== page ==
This shorter poem occurs in three print witnesses: Certayne bokes printed by Kynge and Marshe, Lant’s 1545 edition of this book, and Marshe’s 1568 Workes. The poem is dated between 1503 and 1512, Skelton’s period of exile.
Most scholars have taken the poem Ware the Hawke seriously: Gordon (1934) calls it a prelude to Collyn Clout, Edwards (1949) considers it an insightful look into Skelton’s period of exile in Diss, and Lloyd (1938) comments on Skelton’s channeling of anger through the poem (Fish 93). Skelton as the speaker describes the ridiculous events with such earnest that the poem can be interpreted both as plea and parody. Stanley Fish, moreover, suggests we keep “in mind that Skelton the poet is laughing at his fictional representative even as we do” (93).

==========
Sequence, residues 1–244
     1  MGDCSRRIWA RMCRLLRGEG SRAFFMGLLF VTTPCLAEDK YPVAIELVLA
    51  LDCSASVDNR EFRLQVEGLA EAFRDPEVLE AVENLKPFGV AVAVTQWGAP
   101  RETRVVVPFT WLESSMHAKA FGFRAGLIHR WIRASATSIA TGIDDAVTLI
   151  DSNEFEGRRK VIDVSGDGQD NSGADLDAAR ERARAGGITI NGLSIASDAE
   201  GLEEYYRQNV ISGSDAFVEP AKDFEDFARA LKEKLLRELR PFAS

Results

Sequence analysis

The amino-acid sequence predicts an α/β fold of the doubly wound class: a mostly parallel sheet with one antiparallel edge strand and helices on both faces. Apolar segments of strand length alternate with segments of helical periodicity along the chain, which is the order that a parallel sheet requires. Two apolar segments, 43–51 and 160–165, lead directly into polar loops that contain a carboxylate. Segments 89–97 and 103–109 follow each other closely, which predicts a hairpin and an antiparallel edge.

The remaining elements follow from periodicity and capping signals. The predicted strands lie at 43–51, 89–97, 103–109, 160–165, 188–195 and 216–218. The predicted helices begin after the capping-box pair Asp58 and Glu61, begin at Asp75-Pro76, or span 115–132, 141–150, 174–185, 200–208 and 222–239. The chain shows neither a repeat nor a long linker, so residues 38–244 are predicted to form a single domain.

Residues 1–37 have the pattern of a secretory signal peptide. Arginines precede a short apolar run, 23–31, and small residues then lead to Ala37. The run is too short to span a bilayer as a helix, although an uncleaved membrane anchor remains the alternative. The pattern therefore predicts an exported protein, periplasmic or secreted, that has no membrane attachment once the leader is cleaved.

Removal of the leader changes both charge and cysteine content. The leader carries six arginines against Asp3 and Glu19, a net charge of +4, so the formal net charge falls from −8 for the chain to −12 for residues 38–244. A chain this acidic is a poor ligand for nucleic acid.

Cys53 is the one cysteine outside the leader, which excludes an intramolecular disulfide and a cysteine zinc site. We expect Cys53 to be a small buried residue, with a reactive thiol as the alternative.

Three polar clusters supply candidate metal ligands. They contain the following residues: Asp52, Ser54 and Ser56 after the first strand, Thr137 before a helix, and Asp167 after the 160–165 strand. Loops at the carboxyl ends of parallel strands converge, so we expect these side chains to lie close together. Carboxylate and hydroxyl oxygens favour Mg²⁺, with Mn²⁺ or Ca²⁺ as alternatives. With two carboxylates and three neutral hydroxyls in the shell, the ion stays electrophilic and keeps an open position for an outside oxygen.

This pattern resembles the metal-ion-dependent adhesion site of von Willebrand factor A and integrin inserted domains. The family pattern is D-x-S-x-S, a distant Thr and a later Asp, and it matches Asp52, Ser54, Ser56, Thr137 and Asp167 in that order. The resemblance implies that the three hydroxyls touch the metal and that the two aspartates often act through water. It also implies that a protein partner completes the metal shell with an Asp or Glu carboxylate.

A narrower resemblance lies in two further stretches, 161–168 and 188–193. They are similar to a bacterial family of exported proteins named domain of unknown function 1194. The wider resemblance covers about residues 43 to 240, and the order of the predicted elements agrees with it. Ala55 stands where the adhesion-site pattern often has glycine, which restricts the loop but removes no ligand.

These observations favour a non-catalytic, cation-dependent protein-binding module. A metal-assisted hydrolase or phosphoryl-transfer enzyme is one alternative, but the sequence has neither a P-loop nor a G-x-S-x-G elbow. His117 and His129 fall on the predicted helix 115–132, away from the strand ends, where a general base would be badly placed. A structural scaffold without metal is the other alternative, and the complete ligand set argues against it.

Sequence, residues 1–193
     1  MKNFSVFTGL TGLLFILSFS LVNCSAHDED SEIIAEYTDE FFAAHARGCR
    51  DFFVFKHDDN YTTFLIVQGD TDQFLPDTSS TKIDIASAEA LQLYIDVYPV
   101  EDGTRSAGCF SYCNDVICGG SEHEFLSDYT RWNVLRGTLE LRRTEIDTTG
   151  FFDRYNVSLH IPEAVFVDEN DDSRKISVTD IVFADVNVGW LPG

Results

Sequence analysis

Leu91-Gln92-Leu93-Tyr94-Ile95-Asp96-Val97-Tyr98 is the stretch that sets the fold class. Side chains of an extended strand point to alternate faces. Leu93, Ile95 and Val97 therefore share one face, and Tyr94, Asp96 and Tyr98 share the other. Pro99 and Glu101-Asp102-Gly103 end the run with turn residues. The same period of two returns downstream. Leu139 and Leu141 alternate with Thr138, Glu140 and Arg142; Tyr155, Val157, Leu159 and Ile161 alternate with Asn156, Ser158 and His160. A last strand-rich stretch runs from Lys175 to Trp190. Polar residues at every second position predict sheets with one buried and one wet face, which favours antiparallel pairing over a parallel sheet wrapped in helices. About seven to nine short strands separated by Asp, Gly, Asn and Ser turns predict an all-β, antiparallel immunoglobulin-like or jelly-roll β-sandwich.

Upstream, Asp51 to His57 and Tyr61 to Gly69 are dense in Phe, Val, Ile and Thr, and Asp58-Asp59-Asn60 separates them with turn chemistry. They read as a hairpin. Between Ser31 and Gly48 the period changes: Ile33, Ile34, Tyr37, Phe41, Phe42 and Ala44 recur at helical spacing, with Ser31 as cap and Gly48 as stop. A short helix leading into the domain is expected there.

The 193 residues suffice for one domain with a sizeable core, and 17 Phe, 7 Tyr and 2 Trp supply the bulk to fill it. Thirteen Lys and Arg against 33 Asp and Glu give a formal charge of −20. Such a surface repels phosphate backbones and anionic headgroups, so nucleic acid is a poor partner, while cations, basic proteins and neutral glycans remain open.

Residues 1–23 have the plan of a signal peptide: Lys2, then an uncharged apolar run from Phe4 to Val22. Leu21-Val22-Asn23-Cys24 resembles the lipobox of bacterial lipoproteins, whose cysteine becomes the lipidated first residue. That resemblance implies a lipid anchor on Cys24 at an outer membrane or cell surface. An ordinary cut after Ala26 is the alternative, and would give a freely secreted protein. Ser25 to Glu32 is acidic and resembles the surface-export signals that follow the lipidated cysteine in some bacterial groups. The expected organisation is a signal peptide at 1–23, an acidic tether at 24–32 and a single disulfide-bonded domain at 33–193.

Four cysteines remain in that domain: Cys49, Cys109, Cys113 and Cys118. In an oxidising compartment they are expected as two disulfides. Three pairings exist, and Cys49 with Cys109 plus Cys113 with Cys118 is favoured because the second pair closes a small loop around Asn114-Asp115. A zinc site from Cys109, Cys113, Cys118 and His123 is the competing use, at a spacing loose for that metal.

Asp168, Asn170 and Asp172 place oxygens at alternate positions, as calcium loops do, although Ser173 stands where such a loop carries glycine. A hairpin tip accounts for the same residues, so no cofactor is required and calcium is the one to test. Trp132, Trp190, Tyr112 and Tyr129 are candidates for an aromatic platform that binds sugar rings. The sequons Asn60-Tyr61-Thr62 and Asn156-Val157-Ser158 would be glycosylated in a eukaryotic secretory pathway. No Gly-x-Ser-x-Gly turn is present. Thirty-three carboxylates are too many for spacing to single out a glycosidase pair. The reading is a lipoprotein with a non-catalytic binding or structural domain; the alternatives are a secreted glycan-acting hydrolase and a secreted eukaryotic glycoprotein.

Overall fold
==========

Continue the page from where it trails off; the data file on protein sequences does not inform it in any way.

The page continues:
The events recorded in Ware the Hauke are unverifiable; even though Skelton asks the reader to look into “officialles bokes” for confirmation, Edwards has shown there is no trace of the event (Edwards qtd. Fish 89). Fish further notes how the hawking parson is stock character, and the fact that the intruder remains nameless suggests the whole situation is a fiction (89). At first sight, the earnesty with which Skelton employs rhetoric makes his poem read like a second plea, suggesting the first attempt got rejected in court. Eight Latin imperatives that make up the thema of the plea originate from the artes praecandi, an instruction manual for priests. They “emphasise the urgency of an appeal which is to be immediate as the reader is asked to respond both as auditor and Christian” (Fish 89). Nevertheless, Skelton later contradicts himself as he commits the same vices he first condemns: hostile behaviour and lack of self-control (Fish 90). Skelton’s subversion of the traditional Ciceronian rhetoric, which he knew so well, makes the poem closer to a medieval burlesque than a realistic indictment. Yet, as Fish concludes, the “poem raises more questions than answers […] there is in Ware the Hawke no clear moral focus; no position with which can fully sympathise” (97).